NetLedger Inc. today unveiled a new version of its NetSuite application with a new customizable dashboard, a new...
list-editing feature, a new database-driven Web site development tool, and a new company name to go with it.
Having grown beyond the simple accounting application the company started with, NetLedger will now be known as NetSuite, the name of its flagship offering and the name most customers already use when referring to the company, president and CEO Zach Nelson said.
In conjunction with the San Mateo, Calif., company's new name, its hosted business application NetSuite has been beefed up from the current 8.6 version to the newest release, 9.0.
Chief among the upgrades to the new NetSuite is its usability, Nelson said.
"We have SAP functionality, but it's usable by humans," Nelson said. "In this design scheme, usability is first."
A customizable dashboard is separated into user roles and includes "Xtreme List Editing," allowing for editing lists from the dashboard without entering actual records. Another new feature is United Parcel Service (UPS) integration that streamlines orders with the shipping giant. Addresses are automatically checked against UPS shipping labels to provide easier tracking of packages.
"I think it's a very nice user interface," said Denis Pombriant, vice president and research director of the Aberdeen Group, in Boston. "It's very well thought out, very ergonomic. It delivers the data you need day to day to run your business, whether from a manager or a worker-bee side."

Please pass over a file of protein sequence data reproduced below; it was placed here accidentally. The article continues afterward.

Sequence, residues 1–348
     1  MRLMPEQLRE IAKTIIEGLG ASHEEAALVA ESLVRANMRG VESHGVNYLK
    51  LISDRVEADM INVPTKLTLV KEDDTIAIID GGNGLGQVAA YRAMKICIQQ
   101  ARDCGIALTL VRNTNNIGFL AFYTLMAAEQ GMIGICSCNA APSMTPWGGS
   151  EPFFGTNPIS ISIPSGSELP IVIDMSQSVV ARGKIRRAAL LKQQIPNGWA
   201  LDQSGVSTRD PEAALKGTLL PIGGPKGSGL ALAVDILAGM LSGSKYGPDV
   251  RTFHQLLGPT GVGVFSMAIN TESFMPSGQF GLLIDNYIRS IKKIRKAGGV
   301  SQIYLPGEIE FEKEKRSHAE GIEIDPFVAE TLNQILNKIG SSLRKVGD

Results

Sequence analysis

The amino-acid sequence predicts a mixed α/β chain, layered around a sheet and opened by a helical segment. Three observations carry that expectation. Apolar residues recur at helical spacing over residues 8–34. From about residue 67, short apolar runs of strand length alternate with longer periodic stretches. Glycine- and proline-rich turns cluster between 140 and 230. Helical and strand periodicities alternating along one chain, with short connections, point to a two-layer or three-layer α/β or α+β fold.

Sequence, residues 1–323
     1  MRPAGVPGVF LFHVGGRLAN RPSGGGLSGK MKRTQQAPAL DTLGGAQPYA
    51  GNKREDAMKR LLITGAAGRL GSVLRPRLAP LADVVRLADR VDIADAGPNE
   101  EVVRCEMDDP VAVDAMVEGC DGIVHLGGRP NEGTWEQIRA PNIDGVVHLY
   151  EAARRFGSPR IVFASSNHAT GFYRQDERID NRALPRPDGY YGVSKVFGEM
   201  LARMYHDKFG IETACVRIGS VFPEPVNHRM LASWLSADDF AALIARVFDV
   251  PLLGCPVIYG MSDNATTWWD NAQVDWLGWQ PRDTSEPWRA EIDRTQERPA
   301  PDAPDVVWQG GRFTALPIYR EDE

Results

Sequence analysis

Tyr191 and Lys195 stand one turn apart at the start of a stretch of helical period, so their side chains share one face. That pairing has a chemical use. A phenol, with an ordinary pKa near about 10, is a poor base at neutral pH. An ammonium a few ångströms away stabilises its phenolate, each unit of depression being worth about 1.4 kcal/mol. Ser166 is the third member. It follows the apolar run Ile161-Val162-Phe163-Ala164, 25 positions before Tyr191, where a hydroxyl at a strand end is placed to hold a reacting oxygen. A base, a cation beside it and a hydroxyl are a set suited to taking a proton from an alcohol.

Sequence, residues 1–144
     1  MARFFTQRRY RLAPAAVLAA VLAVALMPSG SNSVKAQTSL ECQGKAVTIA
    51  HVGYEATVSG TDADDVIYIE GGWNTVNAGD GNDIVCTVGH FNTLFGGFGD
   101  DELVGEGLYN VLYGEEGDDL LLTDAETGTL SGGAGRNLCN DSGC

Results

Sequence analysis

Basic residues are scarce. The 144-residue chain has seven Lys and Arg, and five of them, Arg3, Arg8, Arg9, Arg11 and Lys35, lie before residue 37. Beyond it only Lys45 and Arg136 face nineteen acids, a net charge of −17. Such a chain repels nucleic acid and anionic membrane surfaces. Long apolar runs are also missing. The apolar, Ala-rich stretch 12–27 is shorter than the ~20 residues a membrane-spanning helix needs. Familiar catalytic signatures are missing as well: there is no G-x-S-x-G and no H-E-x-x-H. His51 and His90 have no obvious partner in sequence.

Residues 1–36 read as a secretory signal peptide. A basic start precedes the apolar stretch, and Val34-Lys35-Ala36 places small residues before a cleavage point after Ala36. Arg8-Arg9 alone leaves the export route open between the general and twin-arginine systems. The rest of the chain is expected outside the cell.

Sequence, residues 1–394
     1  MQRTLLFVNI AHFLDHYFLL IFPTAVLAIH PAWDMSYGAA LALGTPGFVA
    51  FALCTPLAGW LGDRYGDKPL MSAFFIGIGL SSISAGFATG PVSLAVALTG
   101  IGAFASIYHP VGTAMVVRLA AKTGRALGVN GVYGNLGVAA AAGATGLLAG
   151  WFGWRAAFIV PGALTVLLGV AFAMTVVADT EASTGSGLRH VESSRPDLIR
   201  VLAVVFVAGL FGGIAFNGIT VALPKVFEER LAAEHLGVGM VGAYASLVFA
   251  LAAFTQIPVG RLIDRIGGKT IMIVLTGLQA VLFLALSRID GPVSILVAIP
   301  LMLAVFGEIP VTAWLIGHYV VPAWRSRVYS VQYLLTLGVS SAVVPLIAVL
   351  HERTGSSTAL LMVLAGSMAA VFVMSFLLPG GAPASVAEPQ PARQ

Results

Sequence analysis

NetSuite 9.0 will also integrate all its applications into a hosted Web site for customers, providing easy updating of inventory, pricing data and other information, Nelson said. All orders placed through an online store are automatically integrated into back-office systems.
"It's as easy for us to build a Web site as it is for us to build these dashboards," Nelson said. "[The hosted site] can work just like a salesperson, only there's no commission."
New analytical functions are also included with expanded report offerings and real-time system-to-system XML data exchange capabilities.
"One of the other things I liked is the way they've gone ahead and built BI into their applications," Pombriant said. "A lot of people would agree that's a very critical factor in further deployment. Naked CRM captures a lot of data. It's only when you start using reporting and analytics that you see what it can do for your business."
Additionally, with its new name and new upgrade, NetSuite is offering a new breakdown of services. NetSuite's entry level Oracle Small Business Suite will include the new user interface and list editor and sell for $1,400, with two users included, and $50 per user, per month for additional seats. NetSuite 9.0 will sell for $4,800 for two users per month and $75 per month for each additional user. A new, midmarket offering titled NetSuite Pro is priced at $9,000 and $75 per additional user, per month.
NetSuite essentially separates users into product companies and service companies with this latest release focused on the former. The next release will include functions for services firms, Nelson said.
From its initial foray into CRM, NetSuite has touted its integrated accounting and customer management features as a key differentiator among hosted providers.
"Lots of people have applications that will do parts of what NetSuite does," Pombriant said. "The power of this lies in fact that everything is integrated, CRM, ERP and Web pages from single data source and single application suite."
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